To replace coal plants that are shutting down, natural gas is required to meet power demand. With slower growth in renewable generation, natural gas capacity in 2040 is 30 GW higher in our delayed transition scenario than in our base case. The growth of gas could be supported by additional policy measures. Texas has already legislated for US$5 billion in loans to support new gas-fired power plants, and similar measures could be brought in more widely.  

New nuclear capacity will be needed to meet power demand post-2040. In our delayed transition scenario, we would expect advanced nuclear power generation capacity driven by both large scale and small modular reactors (SMRs) to expand by about 40 GW. SMRs would target data centre off-takers that are less price-sensitive than utility markets. Large-scale nuclear would also expand among utilities that can absorb the capital costs. To deliver nuclear capacity by 2040, market and policy improvements would be needed by 2030. These include faster licensing from the US Nuclear Regulatory Commission, buying consortia for nuclear power and more domestic uranium supply.  

Figure 5. A delayed transition could boost nuclear generation in addition to supporting gas and coal

Low-carbon hydrogen: blue leads green

In our base case, only 5% of the low-carbon hydrogen projects likely to take a final investment decision (FID) in the next two years will be for green (electrolytic) production. Blue hydrogen, made from natural gas with carbon capture, has also faced challenges. Both Woodside’s H2OK facility and Nutrein’s US$2 billion Geismar blue ammonia plant have delayed FIDs, citing reasons including the need for clarification of government tax incentives and uncertain demand. These trends suggest that low-carbon hydrogen momentum could slow even with the IIJA and IRA.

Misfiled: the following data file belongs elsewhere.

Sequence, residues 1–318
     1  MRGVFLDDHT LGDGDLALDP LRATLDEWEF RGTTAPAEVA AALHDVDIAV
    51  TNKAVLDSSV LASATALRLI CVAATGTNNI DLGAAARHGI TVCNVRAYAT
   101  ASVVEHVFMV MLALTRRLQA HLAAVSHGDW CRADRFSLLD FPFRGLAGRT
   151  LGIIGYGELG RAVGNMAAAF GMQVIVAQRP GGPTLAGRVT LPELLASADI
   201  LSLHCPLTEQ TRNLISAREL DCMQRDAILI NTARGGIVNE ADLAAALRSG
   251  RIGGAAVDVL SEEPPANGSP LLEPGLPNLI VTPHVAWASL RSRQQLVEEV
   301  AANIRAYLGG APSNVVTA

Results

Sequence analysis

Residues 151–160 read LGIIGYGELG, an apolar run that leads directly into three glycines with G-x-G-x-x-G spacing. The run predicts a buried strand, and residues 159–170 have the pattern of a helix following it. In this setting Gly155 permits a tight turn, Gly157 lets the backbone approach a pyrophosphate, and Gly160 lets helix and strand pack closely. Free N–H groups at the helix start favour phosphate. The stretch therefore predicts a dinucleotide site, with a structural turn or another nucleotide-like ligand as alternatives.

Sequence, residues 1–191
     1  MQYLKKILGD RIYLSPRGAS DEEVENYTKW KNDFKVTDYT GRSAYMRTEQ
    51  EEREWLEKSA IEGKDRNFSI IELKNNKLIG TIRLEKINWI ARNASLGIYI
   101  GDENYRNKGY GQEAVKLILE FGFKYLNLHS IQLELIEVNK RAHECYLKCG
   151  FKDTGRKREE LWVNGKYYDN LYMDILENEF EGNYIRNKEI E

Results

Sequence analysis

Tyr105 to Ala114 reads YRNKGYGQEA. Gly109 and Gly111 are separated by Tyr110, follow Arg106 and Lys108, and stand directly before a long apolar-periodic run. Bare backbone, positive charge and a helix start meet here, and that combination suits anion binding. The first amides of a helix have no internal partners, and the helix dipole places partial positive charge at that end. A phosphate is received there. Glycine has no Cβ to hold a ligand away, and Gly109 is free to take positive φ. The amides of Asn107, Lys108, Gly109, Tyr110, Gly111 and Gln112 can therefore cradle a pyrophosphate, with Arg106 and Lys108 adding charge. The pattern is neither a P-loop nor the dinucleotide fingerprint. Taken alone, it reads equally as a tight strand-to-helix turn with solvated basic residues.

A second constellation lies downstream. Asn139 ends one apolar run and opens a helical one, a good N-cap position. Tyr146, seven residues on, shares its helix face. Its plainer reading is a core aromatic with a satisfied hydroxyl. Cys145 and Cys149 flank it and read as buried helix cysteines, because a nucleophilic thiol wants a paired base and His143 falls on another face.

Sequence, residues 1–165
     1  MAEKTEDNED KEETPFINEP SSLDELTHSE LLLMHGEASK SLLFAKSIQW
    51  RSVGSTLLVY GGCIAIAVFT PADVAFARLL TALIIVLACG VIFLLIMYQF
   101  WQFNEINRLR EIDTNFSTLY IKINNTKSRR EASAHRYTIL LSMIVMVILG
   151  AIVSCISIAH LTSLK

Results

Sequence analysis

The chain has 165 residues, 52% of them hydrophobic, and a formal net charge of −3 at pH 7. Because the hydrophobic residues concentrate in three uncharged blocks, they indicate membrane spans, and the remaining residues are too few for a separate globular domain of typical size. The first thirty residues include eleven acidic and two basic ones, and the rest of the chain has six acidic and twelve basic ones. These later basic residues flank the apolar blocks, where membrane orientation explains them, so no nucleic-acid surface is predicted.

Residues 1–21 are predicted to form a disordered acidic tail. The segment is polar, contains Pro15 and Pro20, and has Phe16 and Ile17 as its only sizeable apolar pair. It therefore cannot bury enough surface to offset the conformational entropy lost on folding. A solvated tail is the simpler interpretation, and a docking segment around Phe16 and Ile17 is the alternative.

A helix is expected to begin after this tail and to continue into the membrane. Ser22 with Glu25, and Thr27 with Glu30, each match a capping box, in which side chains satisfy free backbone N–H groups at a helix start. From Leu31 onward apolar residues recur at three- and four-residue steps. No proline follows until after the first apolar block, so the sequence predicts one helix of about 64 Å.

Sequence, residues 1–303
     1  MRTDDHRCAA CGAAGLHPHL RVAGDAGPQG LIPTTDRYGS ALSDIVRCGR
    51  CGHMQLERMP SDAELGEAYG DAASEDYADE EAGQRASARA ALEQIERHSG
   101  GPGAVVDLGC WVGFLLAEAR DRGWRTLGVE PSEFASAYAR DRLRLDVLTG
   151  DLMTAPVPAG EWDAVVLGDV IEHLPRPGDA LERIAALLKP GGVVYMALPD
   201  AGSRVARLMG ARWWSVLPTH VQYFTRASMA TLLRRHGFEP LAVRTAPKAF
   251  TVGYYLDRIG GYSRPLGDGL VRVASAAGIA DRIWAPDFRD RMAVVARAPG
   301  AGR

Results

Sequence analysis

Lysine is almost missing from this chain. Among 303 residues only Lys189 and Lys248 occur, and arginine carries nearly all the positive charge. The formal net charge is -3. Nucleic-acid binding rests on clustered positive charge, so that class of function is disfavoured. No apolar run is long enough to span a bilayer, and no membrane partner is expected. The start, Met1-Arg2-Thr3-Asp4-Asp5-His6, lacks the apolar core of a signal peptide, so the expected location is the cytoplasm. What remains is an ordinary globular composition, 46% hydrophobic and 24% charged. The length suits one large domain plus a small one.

With the market challenges facing electrolytic hydrogen and the changes to the national policy environment, we assume the rules for eligibility for tax credits under the IRA would be adjusted to tilt incentives towards blue hydrogen. 


Figure 6. Policy uncertainty slows down the low-carbon hydrogen market

Two of the most impactful policy changes available are:  

  • allowing individual blue hydrogen projects to use reported carbon intensities of gas feedstock rather than national average intensities 
  • allowing the use of renewable natural gas as a feedstock with source-specific carbon intensities. 

Outside of the US, demand for low-carbon hydrogen and ammonia is expanding, driven by Europe, Japan and South Korea. We would expect lower exports under our delayed transition scenario compared to our base case. However, we would still foresee a two million tonne export market emerging by 2050.  

Low-carbon leadership shifts to states

Since 2020, California’s utility-scale battery capacity has expanded eight-fold to 8.4 GW. By the end of the year, we expect battery capacity to reach 11.7 GW. A look at state-level policies shows that momentum for low-carbon investment can be independent of federal policy.